Based on the extraordinary true story of Operation Anthropoid, the WWII mission to assassinate SS General Reinhard Heydrich, the main architect behind the Final Solution and the Reich's third in command after Hitler and Himmler.
ANTHROPOID is based on the extraordinary true story of Operation Anthropoid, the World War II mission to assassinate SS General Reinhard Heydrich. The Reich's third in command after Hitler and Himmler, Heydrich was the main architect behind the Final Solution and the leader of occupying Nazi forces in Czechoslovakia whose reign of terror prompted self-exiled Czech and Slovak soldiers (Cillian Murphy and Jamie Dornan) to hatch a top-secret mission that would change the face of Europe forever. Written by
Petschek Palace was a bank that was converted to Gestapo headquarters during the war. Many people of the Czech resistance were tortured there and today the basement remains a museum to their memory. The torture scene of Ata Moravec was filmed in the same basement room where it actually took place. See more »
The opening text greatly oversimplifies the Munich crisis, and incorrectly states that Germany occupied the entire country of Czechoslovakia as a result. Germany never occupied all of Czechoslovakia, but only occupied the Czech lands of Bohemia-Moravia after having occupied the Sudetenland for approximately 7 months. Slovakia was allowed to retain nominal independence under a pro-fascist regime led by Slovak nationalist Jozef Tiso. The Czechoslovak government in exile placed great importance on showing that both Czechs and Slovaks rejected Nazism, which is why Josef Gabcik (played by Cillian Murphy) was made part of Operation Anthropoid. See more »
[Stopping Josef from avenging Lenka's death]
So your going to shoot a few Germans? So you want to get us all killed?
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One of the best resistance stories in film history.
"Cowards die many times before their deaths; the valiant never taste of death but once." Shakespeare's Julius Caesar
If you delight in the fantasy violence of summer blockbusters, you will lose any romantic notions about it when you see the real deal in Anthropoid, a based-on-actual-events biography about seven WWII resistance fighters who parachute into Nazi-held Czechoslovakia. Their job: assassinate the third highest ranking officer of the Reich, Reinhard Heydrich (Detlef Bothe), the Butcher of Prague.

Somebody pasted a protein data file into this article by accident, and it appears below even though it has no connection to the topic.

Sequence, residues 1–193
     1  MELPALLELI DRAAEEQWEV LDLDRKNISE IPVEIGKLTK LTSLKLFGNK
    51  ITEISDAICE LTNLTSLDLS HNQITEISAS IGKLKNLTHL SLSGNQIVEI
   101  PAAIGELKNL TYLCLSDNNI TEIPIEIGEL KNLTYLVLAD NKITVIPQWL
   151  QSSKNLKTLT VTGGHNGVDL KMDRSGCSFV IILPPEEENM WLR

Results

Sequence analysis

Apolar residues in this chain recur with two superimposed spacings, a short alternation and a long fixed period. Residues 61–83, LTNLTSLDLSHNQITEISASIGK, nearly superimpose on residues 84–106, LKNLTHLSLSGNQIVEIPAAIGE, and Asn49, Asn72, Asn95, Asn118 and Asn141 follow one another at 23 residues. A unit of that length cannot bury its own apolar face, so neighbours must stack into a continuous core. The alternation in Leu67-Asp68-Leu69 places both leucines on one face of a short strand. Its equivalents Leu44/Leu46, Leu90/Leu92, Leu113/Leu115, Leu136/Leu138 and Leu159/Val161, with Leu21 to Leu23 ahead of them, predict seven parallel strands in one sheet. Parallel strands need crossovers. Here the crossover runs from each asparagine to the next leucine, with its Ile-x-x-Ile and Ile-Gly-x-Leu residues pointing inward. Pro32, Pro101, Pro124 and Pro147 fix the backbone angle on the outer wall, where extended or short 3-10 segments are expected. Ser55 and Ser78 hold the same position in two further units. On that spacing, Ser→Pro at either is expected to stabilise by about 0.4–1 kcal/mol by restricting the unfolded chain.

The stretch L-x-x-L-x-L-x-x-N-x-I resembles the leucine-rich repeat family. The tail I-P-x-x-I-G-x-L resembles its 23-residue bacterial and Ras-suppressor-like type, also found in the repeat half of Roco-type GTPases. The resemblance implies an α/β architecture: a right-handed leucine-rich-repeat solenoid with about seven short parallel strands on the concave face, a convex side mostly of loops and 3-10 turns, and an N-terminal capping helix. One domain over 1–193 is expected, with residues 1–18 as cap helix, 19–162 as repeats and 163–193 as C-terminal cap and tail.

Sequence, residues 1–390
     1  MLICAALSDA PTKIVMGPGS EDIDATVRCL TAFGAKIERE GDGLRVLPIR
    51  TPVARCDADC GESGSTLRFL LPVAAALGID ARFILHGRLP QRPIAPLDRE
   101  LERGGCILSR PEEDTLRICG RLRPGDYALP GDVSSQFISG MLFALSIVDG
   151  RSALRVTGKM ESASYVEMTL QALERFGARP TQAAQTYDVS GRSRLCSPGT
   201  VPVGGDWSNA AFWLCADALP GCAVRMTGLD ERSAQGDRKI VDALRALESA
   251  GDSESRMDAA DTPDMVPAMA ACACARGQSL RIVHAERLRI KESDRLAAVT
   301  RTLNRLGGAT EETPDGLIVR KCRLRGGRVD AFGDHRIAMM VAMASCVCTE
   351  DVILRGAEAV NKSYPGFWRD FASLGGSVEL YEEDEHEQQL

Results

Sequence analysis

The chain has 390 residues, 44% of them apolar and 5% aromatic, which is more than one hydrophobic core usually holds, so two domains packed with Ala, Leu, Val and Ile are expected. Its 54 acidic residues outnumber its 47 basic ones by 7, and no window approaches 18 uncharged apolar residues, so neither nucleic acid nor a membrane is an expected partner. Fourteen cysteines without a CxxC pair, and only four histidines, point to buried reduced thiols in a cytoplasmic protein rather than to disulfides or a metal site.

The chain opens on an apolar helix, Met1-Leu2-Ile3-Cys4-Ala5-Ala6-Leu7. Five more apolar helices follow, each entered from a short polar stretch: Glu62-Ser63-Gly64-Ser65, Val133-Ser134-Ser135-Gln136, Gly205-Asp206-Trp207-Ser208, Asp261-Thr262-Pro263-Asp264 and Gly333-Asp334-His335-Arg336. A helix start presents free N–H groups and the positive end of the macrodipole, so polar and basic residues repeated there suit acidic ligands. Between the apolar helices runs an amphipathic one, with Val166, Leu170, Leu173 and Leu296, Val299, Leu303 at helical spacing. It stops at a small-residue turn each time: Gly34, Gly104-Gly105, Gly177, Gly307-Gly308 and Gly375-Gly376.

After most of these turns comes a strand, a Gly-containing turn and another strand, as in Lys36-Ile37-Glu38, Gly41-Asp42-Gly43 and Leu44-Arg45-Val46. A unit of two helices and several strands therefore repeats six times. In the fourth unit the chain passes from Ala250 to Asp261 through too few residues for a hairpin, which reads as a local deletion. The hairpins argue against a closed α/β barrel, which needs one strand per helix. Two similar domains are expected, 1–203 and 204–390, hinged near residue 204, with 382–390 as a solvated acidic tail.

As in all dictatorships, never a safe moment exists, and writer-director Sean Ellis, along with writer Anthony Frewin, emphasizes both the bravery of the fighters and the brutality of the Nazis in a quagmire of deceit and fear. No sympathy for any of occupiers but much to admire in the freedom fighters, the best examples of the "valiant" Caesar mentions in the above quote.
The two lead fighters, Jan (Jamie Dornan) and Josef (Cillian Murphy), crystallize the film's impressive depiction of understated bravery and humanity: Both take life-threatening chances -- Jan has realistic moments of cowardice and bravery while Josef is steadfast. Both fall in love in mature circumstances that brook little romance.
If there are any faults in Anthropoid, one would be the overly-long fight scene in the church hideout. After a few minutes, one can get the idea of the mayhem that lasted in reality about 6 hours. However, this scene certainly shows the valor of the fighters against the relentless Nazi machine.
In the end, Anthropoid is the story of heroism crucified by almost unstoppable, and certainly unfathomable, evil. Although we are buoyed up by any resistance victory, that joy is seriously tempered by the triumph of the enemy's will.
As the title suggests, subhuman Nazi anthropoids rule the landscape: in one instance, they bring in the severed head of a resistance sympathizer to torture her son. Yet, real loving, hurting humans try to survive the horror. Anthropoid makes Planet of the Apes look like The Sound of Music.
After Army of Shadows, Anthropoid ranks as one of the best resistance stories in film history.
"Satan understands the power of men and women united in righteousness." Sheri L. Dew
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